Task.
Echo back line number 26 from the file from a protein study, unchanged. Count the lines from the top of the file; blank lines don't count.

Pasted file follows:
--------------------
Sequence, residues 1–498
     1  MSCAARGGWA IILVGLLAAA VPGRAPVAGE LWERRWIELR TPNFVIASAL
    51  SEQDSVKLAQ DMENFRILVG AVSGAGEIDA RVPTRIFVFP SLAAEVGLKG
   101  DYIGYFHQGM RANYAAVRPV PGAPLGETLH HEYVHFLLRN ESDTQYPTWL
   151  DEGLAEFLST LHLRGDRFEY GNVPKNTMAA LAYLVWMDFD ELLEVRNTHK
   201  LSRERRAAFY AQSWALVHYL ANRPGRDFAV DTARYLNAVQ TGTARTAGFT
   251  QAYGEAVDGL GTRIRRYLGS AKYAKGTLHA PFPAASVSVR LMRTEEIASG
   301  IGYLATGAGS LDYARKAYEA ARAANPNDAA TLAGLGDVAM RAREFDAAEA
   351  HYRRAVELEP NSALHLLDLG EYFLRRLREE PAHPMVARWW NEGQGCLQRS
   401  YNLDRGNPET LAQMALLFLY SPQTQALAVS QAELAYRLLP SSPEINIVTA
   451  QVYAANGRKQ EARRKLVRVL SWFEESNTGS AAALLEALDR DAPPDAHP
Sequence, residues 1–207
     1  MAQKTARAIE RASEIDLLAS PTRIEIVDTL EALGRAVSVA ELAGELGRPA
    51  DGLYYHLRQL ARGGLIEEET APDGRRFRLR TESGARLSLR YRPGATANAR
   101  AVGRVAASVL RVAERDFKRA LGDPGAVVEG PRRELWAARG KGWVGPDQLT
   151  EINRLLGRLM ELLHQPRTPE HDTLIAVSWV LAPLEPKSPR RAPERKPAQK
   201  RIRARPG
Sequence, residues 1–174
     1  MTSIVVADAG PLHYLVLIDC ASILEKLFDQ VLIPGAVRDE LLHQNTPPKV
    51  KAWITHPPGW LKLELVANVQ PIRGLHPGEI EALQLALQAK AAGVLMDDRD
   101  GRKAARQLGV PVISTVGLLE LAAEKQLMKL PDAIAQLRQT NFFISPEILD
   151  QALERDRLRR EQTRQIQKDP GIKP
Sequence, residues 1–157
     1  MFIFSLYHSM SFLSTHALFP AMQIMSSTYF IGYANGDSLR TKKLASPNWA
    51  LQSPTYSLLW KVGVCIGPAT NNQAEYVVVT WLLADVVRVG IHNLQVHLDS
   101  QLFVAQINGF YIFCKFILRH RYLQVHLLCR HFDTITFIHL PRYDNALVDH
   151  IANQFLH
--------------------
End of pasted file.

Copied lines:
   101  QLFVAQINGF YIFCKFILRH RYLQVHLLCR HFDTITFIHL PRYDNALVDH